- Only 12.8% of S&P 500 boards release breakdown, Equilar says
- Shareholder proposals demanding disclosure are gaining votes
Investors increasingly want the biggest U.S. companies to reveal the racial and gender diversity of their boards of directors, information that most don’t disclose.
This year, nine companies in the Standard & Poor’s 500 -- the most ever -- faced official demands from shareholders that they adopt new diversity plans, according to ISS Corporate Solutions, a corporate-governance consultancy. Such initiatives have a long way to go, with only 12.8 percent of companies currently giving specific details about directors named in their annual filings, according to a report released Tuesday by researcher Equilar Inc.
“It’s going to take, essentially, peer pressure,” said Matthew Goforth, a research and content specialist at Equilar who led the report. “Companies are going to have to start feeling like outliers if they don’t talk about the diversity of their board.”
The move away from all-male, mostly white boards is getting more scrutiny after the U.S. Securities and Exchange Commission said it may require companies to offer more specific details on their corporate governance. Women now represent about 21 percent of all directors, up from 16.6 percent in 2012, Equilar said in the report, which looks at more than 30 data trends.
SEC Chair Mary Jo White, when announcing the regulator’s plan in June, said that just 15 percent of directors in the top 200 S&P 500 companies belong to a minority group. The percentage of those companies with at least one minority director fell to 86 percent in 2015 from 90 percent in 2005, she said. With almost three quarters of the new director positions going to men, the nonpartisan U.S. Government Accounting Office says it may take more than 40 years for women to reach parity, she added.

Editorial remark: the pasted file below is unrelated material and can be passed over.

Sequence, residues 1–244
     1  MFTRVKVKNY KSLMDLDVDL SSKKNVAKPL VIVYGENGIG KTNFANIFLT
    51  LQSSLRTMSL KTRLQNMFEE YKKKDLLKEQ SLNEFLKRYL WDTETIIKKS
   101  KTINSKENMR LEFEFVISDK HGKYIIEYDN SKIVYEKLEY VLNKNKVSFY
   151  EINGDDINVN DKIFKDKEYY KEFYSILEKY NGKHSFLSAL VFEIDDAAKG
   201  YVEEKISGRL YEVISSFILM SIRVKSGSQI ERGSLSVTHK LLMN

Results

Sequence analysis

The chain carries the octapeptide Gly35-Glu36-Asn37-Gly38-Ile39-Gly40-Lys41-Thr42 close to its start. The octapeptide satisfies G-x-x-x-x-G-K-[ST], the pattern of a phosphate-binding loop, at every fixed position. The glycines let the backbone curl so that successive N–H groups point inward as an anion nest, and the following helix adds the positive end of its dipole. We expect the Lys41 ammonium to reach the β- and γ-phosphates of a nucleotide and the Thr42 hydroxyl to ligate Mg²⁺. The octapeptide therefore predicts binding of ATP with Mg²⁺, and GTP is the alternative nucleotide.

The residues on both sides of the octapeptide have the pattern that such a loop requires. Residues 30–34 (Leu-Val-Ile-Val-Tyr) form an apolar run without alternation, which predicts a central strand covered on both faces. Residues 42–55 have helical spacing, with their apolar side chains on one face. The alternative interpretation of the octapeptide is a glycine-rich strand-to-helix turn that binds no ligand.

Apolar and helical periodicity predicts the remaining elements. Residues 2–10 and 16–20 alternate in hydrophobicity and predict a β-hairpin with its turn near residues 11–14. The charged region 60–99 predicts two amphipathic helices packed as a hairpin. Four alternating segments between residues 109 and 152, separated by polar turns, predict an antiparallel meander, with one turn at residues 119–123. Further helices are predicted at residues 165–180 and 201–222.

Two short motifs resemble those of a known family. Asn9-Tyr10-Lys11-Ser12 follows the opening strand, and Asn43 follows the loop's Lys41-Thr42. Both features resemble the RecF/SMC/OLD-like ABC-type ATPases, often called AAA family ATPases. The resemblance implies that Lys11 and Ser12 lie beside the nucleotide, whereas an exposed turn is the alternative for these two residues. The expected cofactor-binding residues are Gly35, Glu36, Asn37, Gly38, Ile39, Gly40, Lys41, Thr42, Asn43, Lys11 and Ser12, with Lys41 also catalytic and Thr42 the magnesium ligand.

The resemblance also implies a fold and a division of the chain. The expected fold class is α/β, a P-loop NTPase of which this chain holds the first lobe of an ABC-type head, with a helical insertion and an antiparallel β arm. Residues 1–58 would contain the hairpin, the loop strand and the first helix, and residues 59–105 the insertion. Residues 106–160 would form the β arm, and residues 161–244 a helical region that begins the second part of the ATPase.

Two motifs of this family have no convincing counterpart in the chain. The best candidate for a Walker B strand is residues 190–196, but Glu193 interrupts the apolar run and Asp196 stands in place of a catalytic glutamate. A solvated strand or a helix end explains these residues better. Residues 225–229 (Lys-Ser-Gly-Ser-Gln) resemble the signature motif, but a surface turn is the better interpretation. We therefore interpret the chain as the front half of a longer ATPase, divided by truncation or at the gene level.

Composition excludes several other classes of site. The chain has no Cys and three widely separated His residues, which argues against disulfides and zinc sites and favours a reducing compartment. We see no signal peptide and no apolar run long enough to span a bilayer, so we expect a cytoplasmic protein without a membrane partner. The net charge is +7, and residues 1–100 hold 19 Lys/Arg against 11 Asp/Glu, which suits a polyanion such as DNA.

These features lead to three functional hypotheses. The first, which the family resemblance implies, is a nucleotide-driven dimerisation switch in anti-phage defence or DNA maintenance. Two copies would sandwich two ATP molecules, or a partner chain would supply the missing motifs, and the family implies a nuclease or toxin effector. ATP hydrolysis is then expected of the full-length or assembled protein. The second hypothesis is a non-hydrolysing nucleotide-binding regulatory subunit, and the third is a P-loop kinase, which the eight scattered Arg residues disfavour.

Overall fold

Among industries, consumer-goods companies are most forthcoming with board-diversity information, with almost 20 percent reporting, Equilar said, based on a manual review of the proxy statements of S&P 500 companies. Basic materials firms were the lowest, at 2 percent reporting publicly; technology companies were the second lowest, at 5.7 percent, Equilar found.
This year, FleetCor Technologies Inc., which provides specialty payment cards, became the first S&P 500 company where a diversity ballot proposal passed with a final majority, said Peter Kimball, ISS associate director.
The nine proposals in this proxy season were almost twice the five submitted in 2015, Kimball said. The company has tracked 55 such proposals since 2000, he said.
“Gender diversity on boards has come to the fore in the last two years,” Kimball said. “The proliferation of proposals in 2016 reflects the position this issue has taken and signals continued expansion of these proposals for 2017 and beyond.”